Cost Segregation

The IRS has said that a Cost Segregation Study is a lucrative tax strategy that should be used on almost every major purchase of commercial real estate. The ultimate benefit of a cost segregation study is a reduced tax liability and an increase in cash flow. It is estimated that you can increase cash flow by $70,000 for every $1 million dollars of building cost.

Apollo Energies helps you identify assets within the building you own which can be reclassified into much shorter depreciation recovery periods than the building itself. Maximizing your tax benefits by identifying, classifying and segregating the personal property components and land improvements resulting in depreciable lives of 5, 7 and 15 years insted of 27.5 or 39 years. This is an IRS approved tax strategy, and a Cost Segregation study decreases your tax liability while increasing your company’s cash flow and bottom line.

What is Cost Segregation?

Simply put, cost segregation is a strategic tax tool that allows taxpayers to accelerate their depreciation expense, which in turn increases cash flow. To do this, qualifying project-related costs that would be classified as 39-year real property are identified and reclassified into shorter depreciable lives (5 or 7-year personal property or 15-year land improvements) for federal income tax purposes.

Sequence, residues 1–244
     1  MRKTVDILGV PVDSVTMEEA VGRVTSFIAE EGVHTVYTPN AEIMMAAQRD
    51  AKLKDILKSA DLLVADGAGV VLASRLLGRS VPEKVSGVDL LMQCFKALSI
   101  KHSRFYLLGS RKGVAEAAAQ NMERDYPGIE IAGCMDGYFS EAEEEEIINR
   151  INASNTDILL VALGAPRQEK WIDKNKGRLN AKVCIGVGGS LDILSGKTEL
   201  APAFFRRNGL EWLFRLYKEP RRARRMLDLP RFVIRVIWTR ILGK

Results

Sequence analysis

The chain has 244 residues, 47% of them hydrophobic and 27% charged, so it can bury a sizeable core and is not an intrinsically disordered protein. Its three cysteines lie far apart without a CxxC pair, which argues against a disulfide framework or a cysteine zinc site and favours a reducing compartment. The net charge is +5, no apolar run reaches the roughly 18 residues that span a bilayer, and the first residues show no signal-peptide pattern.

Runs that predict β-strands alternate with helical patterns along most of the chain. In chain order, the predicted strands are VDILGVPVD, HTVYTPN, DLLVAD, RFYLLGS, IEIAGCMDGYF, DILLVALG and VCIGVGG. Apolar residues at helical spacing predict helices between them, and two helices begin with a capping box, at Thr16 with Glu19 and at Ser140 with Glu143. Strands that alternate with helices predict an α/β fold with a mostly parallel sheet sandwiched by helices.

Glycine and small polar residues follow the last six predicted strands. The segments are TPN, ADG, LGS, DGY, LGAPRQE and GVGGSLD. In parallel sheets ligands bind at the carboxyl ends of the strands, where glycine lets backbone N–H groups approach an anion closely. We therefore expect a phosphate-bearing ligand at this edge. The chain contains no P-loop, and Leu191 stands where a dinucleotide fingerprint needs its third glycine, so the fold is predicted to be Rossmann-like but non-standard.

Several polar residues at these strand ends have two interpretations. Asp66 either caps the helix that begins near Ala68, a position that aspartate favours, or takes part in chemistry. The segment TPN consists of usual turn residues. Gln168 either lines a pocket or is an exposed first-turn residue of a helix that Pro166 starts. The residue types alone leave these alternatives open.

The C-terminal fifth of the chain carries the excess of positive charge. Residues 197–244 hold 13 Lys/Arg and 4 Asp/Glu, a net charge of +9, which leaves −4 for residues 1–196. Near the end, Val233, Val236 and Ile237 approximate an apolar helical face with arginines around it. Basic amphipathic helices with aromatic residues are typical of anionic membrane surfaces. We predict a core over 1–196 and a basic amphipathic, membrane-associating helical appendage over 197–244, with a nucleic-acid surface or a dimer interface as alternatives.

Provides Additional Benefits

While the main focus of the study is to help lower taxes some amazing benefits will also follow. Depending on your state, you may qualify for lower property & casualty insurance premiums. In most areas, your real estate taxes will drop. Why? Because tangible personal property may be assessed at a lower rate than real property. Additionally, you may be able to negotiate better terms with your bank. Again, the reason is simple. A cost segregation study increases cash flow. Your banker sees that as additional “debt-service” coverage. For many, a cost segregation study increases debt-service coverage as much 2 to 3 times.

And then there's the tax savings from a partial disposition that you may not have taken.

Example of Potential Savings

Consider a typical two-story office building with a total construction cost of $1.5 million dollars, and assume that 10% of the cost of the building was improperly classified as real property (39-year) instead of personal property (7-year). By moving the 10% improperly classified as 39-year property to 7-year property, the first year tax savings realized would be approximately $27,000.

When should you consider a cost segregation study?

The following are a few examples of when a cost segreagtion study would be greatly beneficial.

  • • Constructing a new facility
  • • Acquiring an existing facility
  • • Renovating or expanding an existing facility

Clients that have built or purchased buildings or facilities in the past and have not performed a cost segregation study, may benefit from a study which allows for the correction of missed depreciation in past years.

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